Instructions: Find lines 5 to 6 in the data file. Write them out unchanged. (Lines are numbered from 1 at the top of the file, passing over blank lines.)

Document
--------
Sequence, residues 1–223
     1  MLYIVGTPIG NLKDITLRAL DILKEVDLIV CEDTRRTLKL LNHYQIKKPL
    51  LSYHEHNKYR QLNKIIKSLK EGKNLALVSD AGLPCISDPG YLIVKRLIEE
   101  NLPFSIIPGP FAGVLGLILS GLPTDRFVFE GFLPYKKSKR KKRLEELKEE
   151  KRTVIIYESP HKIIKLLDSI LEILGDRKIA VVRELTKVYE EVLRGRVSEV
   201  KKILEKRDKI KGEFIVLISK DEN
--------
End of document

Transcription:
   151  KRTVIIYESP HKIIKLLDSI LEILGDRKIA VVRELTKVYE EVLRGRVSEV
   201  KKILEKRDKI KGEFIVLISK DEN